January 11, 2023

What is the pelvic floor?

Learn what the pelvic floor is and why you should care about the health of the muscles and connective tissues attached to your pelvis from the women’s health experts at UWHealth.

Women’s pelvic floor anatomy

The pelvic floor is muscles and ligaments that support the bladder, uterus (womb), vagina and bowels. Your pelvic floor looks like a hammock that lies between the tailbone and pubic bone and works to stabilize the hips, core and spine. The first layer of the pelvic floor muscles plays an essential role in sexual function and sensation. The next layer of muscles provides stability, support and continence.

Pelvic floor dysfunction is common

Women are at increased risk of pelvic floor dysfunction such as urinary incontinence, pelvic organ prolapse and fecal incontinence. Nearly one-third of women will develop a pelvic floor disorder. Even though pelvic floor disorders are common, it does not mean you have to live with urinary or fecal incontinence, pelvic organ prolapse or pain. Work with a specialist to regain your pelvic floor health so you regain your quality of life.

The pelvic floor changes during and after pregnancy

When you deliver a baby vaginally or by C-section, there is a risk of injury to the pelvic floor, which may lead to issues like urinary leakage, loss of bowel control, pelvic organ prolapse and sexual health problems.

Before you get pregnant or after you have a baby, see a specialist to help you have a healthy, optimal, and functioning pelvic floor.

Women of all ages can develop pelvic floor problems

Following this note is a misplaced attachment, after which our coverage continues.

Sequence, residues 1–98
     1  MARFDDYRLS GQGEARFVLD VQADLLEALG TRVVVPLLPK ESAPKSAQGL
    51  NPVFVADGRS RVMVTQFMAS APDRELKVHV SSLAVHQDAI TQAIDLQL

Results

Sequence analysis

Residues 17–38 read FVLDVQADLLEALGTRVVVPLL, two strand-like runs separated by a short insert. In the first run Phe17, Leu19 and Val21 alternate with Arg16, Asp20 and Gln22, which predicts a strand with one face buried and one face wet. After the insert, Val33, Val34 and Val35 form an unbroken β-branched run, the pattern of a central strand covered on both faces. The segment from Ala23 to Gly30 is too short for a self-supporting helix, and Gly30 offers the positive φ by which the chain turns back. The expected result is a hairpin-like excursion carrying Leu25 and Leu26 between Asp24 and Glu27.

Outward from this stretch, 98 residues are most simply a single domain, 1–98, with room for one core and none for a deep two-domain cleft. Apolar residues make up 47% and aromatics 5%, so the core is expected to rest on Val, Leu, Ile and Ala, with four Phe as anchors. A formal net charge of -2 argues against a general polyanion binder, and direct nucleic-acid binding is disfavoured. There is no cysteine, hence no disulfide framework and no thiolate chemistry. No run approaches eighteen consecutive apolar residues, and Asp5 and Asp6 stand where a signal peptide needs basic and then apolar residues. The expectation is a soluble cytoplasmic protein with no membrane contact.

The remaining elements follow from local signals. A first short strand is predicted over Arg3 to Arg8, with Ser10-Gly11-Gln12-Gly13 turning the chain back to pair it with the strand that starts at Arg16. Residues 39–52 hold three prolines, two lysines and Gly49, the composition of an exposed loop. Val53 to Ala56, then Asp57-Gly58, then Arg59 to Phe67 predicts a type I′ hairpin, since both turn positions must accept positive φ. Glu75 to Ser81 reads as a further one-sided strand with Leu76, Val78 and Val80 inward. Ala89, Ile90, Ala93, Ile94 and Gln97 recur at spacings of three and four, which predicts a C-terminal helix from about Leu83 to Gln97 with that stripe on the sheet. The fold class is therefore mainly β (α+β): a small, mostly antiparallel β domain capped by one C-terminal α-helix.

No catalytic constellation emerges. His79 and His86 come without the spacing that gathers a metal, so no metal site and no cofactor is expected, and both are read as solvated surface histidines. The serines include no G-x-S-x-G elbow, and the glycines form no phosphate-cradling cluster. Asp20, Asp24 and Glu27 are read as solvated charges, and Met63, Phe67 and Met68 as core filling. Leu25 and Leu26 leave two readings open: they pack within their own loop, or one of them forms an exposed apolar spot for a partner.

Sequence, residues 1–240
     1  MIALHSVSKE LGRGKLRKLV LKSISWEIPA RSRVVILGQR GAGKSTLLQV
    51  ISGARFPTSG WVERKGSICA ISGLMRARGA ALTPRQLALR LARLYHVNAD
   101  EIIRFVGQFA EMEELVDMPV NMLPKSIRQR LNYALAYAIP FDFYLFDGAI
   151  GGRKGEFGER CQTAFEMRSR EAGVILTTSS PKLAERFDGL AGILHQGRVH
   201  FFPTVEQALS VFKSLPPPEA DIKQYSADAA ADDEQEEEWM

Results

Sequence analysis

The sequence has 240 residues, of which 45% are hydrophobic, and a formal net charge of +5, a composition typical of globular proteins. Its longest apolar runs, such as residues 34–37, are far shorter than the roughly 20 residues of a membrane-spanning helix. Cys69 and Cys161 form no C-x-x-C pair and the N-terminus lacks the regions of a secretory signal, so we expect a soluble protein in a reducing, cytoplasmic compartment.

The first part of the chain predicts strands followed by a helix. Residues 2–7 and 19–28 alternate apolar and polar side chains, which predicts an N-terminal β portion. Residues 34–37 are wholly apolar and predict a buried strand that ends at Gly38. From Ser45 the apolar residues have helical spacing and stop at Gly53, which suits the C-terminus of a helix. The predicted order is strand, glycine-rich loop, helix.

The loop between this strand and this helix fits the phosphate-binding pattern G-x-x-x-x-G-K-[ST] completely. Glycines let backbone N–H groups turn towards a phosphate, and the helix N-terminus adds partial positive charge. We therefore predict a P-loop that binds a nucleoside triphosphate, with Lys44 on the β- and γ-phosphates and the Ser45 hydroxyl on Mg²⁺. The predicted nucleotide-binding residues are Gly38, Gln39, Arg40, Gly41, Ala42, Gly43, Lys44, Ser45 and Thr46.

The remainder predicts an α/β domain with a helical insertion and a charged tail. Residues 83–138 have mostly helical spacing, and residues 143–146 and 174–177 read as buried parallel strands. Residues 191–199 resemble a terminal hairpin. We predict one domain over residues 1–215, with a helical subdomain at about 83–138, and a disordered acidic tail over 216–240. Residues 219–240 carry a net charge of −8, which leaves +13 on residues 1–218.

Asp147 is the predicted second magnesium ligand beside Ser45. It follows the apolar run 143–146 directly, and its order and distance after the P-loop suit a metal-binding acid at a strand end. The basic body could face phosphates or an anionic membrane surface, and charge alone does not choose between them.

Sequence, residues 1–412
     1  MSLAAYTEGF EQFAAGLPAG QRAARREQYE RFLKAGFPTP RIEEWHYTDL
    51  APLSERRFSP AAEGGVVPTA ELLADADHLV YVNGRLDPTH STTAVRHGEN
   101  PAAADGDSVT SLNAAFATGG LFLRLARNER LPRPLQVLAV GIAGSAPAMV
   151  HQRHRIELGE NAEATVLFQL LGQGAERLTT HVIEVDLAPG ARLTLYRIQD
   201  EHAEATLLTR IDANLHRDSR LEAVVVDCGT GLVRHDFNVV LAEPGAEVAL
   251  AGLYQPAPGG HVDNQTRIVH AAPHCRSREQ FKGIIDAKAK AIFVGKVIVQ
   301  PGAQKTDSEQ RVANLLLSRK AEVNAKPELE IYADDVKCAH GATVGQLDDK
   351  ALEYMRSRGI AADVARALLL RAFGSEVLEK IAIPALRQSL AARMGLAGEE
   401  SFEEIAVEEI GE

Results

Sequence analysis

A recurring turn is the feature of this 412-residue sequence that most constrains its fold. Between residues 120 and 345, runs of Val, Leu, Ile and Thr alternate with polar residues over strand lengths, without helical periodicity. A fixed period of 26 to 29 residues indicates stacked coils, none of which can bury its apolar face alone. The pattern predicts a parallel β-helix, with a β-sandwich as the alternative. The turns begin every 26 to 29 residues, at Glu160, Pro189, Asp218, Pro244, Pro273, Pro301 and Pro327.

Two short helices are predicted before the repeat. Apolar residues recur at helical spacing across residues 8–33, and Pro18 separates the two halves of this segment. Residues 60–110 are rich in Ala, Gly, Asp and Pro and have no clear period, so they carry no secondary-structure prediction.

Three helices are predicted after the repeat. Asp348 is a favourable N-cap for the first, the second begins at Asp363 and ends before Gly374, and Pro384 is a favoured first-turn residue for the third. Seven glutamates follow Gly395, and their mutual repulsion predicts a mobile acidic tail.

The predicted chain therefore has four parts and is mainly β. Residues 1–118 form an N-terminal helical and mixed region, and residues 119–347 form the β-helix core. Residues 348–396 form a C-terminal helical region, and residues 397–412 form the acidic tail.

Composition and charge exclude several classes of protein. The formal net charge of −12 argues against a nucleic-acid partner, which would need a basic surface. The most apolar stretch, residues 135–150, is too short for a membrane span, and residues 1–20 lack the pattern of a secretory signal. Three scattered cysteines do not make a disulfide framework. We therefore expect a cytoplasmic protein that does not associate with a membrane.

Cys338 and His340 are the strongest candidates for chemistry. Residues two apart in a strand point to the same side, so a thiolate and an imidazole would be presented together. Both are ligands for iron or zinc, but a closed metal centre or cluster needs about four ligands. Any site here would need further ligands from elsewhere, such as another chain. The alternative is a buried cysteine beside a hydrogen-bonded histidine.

Pelvic floor problems are not always due to pregnancy or childbirth and can happen at any age. That’s because a pelvic floor can be overactive, weak, or lack coordination. Pelvic floor problems can cause urinary, bowel and sexual problems. Girls and women need routine pelvic floor exams.

Kegels are not for everyone

Pelvic floor muscles need to have strength, be able to relax, and know when is the right time to contract or relax. You can improve your bladder, bowel and sexual function with the right type of pelvic floor exercise for you. While Kegel exercises are perhaps the most commonly known form of exercise, they may not be the right exercise for your health concern. To know what type of pelvic floor exercise is best for you, work with a pelvic floor physical therapist who can take the time to understand your unique needs.

Improve your pelvic floor health

You can improve the function of your pelvic floor by:

  • Avoiding smoking

  • Maintaining a healthy weight

  • Strengthening the muscles around your pelvic floor through exercise